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Mar 2015

There Is A Fountain Filled With Blood

For the word of the cross is folly to those who are perishing, but to us who are being saved it is the power of God. – 1 Corinthians 1:18

One of the wonders of the songs that we sing on Sunday morning is that they are formative. When we sing, we sing in faith, often asking God that our hearts would believe the words that we proclaim. This Sunday, we will be introducing a new hymn to our gathering, There is a Fountain Filled With Blood by one of the greatest hymnodists and poets of the 18th century, William Cowper. Cowper battled depression for his entire life, even attempting to take his life several times. However, Cowper knew something crucial to the Christian gospel that he shows us in this hymn – the theme of his life was not depression, nor failed suicide attempts, but glorious, redeeming love.

The gospel of Jesus Christ always has, and always will be, a baffling, and foolish reality to a world that is perishing. It’s no surprise then that our theology, and our songs, should reflect this reality. And that’s why There is a Fountain Filled With Blood resonates with so many who call themselves Christians, because at the center of this 18th century hymn is the center of the Christian gospel: the blood of Jesus Christ is powerful enough to save even the most vile of sinners. Cowper knew this all too well, which is what prompted him to pen these lyrics the night after an aborted suicide attempt:

There is a fountain filled with blood drawn from Emmanuel’s veins;
And sinners plunged beneath that flood lose all their guilty stains.
Lose all their guilty stains, lose all their guilty stains;
And sinners plunged beneath that flood lose all their guilty stains.

The dying thief rejoiced to see that fountain in his day;
And there have I, though vile as he, washed all my sins away.
Washed all my sins away, washed all my sins away;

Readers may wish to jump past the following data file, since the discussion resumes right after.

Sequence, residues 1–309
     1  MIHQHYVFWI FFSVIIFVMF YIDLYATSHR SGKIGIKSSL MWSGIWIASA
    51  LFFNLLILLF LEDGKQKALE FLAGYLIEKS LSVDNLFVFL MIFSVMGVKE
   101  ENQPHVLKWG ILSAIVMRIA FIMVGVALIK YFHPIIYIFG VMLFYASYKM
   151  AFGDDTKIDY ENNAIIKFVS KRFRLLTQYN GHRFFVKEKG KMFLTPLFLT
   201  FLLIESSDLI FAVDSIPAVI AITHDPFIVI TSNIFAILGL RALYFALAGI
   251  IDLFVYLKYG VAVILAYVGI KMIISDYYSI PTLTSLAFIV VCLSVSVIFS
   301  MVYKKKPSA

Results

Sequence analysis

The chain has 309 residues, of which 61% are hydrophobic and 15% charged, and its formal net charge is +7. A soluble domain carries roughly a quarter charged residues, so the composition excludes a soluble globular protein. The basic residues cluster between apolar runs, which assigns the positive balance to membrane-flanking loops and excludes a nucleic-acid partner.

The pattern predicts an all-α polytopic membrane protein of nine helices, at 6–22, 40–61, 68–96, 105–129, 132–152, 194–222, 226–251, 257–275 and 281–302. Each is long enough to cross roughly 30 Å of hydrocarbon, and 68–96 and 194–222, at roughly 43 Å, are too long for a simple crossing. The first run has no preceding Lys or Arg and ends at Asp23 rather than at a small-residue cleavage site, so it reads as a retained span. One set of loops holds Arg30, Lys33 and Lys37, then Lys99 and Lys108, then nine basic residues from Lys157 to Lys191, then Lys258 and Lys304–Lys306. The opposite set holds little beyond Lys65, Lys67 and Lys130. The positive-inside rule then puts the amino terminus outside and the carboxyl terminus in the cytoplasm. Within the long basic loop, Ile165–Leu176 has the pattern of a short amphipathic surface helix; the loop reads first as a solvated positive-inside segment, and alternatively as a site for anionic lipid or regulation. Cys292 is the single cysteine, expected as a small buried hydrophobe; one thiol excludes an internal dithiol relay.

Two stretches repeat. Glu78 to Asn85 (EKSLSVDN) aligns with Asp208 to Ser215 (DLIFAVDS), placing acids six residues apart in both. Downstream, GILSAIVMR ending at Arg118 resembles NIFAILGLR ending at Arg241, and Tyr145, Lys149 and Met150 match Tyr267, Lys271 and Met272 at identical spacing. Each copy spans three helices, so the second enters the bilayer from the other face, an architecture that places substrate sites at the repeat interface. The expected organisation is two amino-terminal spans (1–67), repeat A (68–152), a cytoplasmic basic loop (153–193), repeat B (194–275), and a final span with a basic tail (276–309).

And there have I, though vile as he, washed all my sins away.

Dear dying Lamb, Thy precious blood shall never lose its power
Till all the ransomed church of God be saved, to sin no more.
Be saved, to sin no more, be saved, to sin no more;
Till all the ransomed church of God be saved, to sin no more.

E’er since, by faith, I saw the stream Thy flowing wounds supply,
Redeeming love has been my theme, and shall be till I die.
And shall be till I die, and shall be till I die;
Redeeming love has been my theme, and shall be till I die.

Then in a nobler, sweeter song, I’ll sing Thy power to save,
When this poor lisping, stammering tongue lies silent in the grave.
Lies silent in the grave, lies silent in the grave;
When this poor lisping, stammering tongue lies silent in the grave.

Cowper begins by exploring the “stain” of sin, and notes that the way sinners lose this stain is by being “plunged beneath” the blood that was drawn from the veins of Emmanuel (Jesus), God With Us. The way we are reconciled to God is through the bloody, penal substitution of the Christ of God, Jesus. He then goes on to speak of how one day, by the power of the blood of the Lamb, the Church will be rescued and “safe to sin no more.” Not only will Christ’s ransomed bride be free from the condemnation of death and sickness, but they will be safe (free) from the shackles of sin. No more mixed motives, no more evil thoughts, but glorious liberation from sin.

Cowper then concludes in an outright expression of unadulterated worship: “Redeeming love has been my theme, and shall be ‘til I die!” This gospel of personal reconciliation by the blood of the Lamb is my anthem in the midst of trial, in the midst of the darts of guilt and shame hurled by the Devil, in the midst of my hatred of self. Not my sin, not my shame, but the redeeming love through the redeeming blood of the Lamb shall be my anthem until I behold Him with unveiled face.

You can listen to There is a Fountain filled With Blood by watching the video below, and you can purchase and download the full song by clicking here. May redeeming love be ours also ‘til we die. And until that Day when we will sing freed from sin, may we continue singing together until our hearts believe that it is true.

imagrs

1 Comments

Jennifer Fowler

July 15 2015 Reply

Thank you for using this powerful song! I’ve known it for many many years but haven’t heard it in a while. In 2014 at Glorieta Collegiate week we sang this song while those of us that had been on a mission trip got up to write our name on a giant strip of paper. Nik Ripken was there. I’ll never forget standing in the aisle with hundreds of other believers singing this song.

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